But the protests are also an indication of the weakness of Turkey’s opposition parties. Organised along the increasingly irrelevant cleavages that have traditionally divided Turkish society, these parties have been unable to channel and capitalise on the discontent in the streets. Turkey’s liberal intelligentsia has largely discredited itself as well, having continued to provide support to Mr Erdogan long after his illiberal tactics had become plain to see.

Many in the west still give the prime minister credit for the performance of the Turkish economy, for having sent the military back to its barracks, and for the recent peace process with Kurdish insurgents. Yet look closely at each of these, and the lustre vanishes pretty quickly.

On the economic front, the best that can be said is that his government avoided big mistakes. Growth is based on unsustainable levels of external borrowing, and has not been particularly distinguished by emerging-market standards. Public works have been marked by widespread cronyism.

Meanwhile civilian control over the military was achieved through a series of show trials involving massive violations of due process – allegedly with rampant use of planted evidence against accused officers. (My father-in-law is among those imprisoned.) Rather than seek a more peaceful arrangement with the military, Mr Erdogan’s tactics have opened up new wounds that will continue to fester.

Finally, the Kurdish opening has more to do with Mr Erdogan’s efforts to placate the main Kurdish party so he can amend the constitution and ascend to (a more powerful) presidency, than with any genuine desire for reconciliation. As his previous flip-flops on the Kurdish conflict show, he would quickly change tack if short-term political calculations required otherwise.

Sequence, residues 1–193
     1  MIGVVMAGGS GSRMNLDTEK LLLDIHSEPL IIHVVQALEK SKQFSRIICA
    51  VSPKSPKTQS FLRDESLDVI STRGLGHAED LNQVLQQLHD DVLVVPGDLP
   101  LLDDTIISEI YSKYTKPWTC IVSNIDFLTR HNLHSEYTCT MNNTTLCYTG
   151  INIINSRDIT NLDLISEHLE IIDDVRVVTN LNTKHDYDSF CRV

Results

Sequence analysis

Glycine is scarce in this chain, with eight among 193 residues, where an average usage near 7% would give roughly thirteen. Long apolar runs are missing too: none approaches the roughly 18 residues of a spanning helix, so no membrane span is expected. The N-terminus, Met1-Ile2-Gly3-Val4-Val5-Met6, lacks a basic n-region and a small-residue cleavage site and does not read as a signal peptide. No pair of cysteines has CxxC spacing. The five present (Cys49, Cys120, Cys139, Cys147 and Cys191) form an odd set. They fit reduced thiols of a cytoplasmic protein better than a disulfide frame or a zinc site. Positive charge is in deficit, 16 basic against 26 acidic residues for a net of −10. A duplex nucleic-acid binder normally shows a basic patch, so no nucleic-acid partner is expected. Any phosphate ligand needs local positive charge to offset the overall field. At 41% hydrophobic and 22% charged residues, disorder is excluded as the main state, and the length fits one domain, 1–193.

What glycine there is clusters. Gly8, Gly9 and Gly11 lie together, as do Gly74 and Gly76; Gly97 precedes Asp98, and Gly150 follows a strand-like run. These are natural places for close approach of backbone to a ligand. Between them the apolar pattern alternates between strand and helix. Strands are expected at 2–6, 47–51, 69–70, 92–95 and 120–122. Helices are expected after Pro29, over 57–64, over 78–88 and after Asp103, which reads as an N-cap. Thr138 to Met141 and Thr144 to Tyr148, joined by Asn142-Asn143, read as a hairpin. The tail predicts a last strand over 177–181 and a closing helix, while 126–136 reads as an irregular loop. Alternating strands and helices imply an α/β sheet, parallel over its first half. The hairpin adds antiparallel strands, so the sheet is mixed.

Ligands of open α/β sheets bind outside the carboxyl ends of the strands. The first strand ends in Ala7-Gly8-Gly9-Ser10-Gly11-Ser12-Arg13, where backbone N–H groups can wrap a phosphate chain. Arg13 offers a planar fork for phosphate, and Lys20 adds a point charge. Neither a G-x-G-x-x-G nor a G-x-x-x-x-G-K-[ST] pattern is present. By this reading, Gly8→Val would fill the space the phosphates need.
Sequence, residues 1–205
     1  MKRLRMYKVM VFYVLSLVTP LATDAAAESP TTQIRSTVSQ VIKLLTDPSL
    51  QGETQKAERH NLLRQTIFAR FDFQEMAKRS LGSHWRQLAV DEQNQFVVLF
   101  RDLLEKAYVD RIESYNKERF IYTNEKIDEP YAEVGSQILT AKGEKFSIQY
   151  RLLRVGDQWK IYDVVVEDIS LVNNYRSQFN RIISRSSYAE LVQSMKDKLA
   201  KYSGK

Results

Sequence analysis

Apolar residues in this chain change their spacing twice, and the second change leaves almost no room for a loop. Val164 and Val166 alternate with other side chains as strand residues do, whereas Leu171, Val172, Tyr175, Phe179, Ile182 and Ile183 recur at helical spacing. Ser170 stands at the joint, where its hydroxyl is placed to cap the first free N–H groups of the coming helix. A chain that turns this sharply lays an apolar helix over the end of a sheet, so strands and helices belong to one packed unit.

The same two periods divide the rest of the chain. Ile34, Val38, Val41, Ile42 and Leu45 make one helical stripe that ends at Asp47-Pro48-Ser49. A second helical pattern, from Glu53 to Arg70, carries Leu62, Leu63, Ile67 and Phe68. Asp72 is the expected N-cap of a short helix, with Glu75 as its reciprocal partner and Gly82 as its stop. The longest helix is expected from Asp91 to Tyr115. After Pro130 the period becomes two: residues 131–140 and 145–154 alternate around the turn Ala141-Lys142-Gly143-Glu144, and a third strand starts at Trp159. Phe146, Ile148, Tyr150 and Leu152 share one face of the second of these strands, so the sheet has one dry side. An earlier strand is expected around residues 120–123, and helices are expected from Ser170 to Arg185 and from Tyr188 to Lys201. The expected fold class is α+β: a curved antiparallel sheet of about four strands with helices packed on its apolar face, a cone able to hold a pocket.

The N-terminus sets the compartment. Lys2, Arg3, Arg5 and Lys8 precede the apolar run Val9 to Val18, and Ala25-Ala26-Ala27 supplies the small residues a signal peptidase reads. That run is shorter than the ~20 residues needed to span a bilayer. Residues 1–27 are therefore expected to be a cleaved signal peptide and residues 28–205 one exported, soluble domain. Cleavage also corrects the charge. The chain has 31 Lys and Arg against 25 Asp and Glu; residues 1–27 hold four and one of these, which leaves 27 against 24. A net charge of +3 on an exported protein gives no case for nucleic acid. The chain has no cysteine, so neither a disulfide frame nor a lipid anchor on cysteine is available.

The main beneficiary of Mr Erdogan’s weakness may well be the Gülen movement, the powerful network led by the Islamic preacher Fethullah Gülen. Mr Erdogan and the Gülenists made common cause until recently to defeat their common enemy, the military and the secularist old guard. But with that task accomplished, they have been increasingly at odds.

Supposedly moderate, the Gülen movement has been linked to some of the worst police and judicial abuses in recent years. So there is considerable irony in Mr Erdogan taking the rap for the protests while Gülenists watch with thinly disguised pleasure on the sidelines.

Sadly, there is no organised political movement that can give voice and representation to the protesters that have made their point so loudly and clearly in recent days. So it will be the competition between Mr Erdogan and the Gülen movement, along with developments on the Kurdish front, which define the future of Turkish politics.

Having missed Turkey’s authoritarian turn (or turned a blind eye to it), Turkey’s friends should know that none of the established players in this drama has strong democratic credentials. The challenge is to avoid facile analyses about a “Turkish spring” and speak clearly against political, judicial, and human rights abuses in Turkey – whatever the source.